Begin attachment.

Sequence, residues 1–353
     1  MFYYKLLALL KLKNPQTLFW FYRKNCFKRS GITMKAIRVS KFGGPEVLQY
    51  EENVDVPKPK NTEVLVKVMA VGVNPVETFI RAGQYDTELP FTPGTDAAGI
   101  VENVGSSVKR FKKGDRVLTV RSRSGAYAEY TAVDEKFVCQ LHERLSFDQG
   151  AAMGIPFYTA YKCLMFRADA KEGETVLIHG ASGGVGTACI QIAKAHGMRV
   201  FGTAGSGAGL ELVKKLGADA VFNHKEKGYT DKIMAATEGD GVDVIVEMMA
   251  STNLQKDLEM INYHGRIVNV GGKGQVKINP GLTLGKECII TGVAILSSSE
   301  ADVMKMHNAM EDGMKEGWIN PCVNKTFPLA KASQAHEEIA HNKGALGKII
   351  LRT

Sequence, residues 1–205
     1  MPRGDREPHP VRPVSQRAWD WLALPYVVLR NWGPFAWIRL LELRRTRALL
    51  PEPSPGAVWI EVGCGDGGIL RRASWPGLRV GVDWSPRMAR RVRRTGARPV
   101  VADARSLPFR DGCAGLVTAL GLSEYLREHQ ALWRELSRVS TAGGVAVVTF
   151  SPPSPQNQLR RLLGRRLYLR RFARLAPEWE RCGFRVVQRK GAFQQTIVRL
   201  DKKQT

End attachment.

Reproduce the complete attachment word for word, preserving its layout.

Sequence, residues 1–353
     1  MFYYKLLALL KLKNPQTLFW FYRKNCFKRS GITMKAIRVS KFGGPEVLQY
    51  EENVDVPKPK NTEVLVKVMA VGVNPVETFI RAGQYDTELP FTPGTDAAGI
   101  VENVGSSVKR FKKGDRVLTV RSRSGAYAEY TAVDEKFVCQ LHERLSFDQG
   151  AAMGIPFYTA YKCLMFRADA KEGETVLIHG ASGGVGTACI QIAKAHGMRV
   201  FGTAGSGAGL ELVKKLGADA VFNHKEKGYT DKIMAATEGD GVDVIVEMMA
   251  STNLQKDLEM INYHGRIVNV GGKGQVKINP GLTLGKECII TGVAILSSSE
   301  ADVMKMHNAM EDGMKEGWIN PCVNKTFPLA KASQAHEEIA HNKGALGKII
   351  LRT

Sequence, residues 1–205
     1  MPRGDREPHP VRPVSQRAWD WLALPYVVLR NWGPFAWIRL LELRRTRALL
    51  PEPSPGAVWI EVGCGDGGIL RRASWPGLRV GVDWSPRMAR RVRRTGARPV
   101  VADARSLPFR DGCAGLVTAL GLSEYLREHQ ALWRELSRVS TAGGVAVVTF
   151  SPPSPQNQLR RLLGRRLYLR RFARLAPEWE RCGFRVVQRK GAFQQTIVRL
   201  DKKQT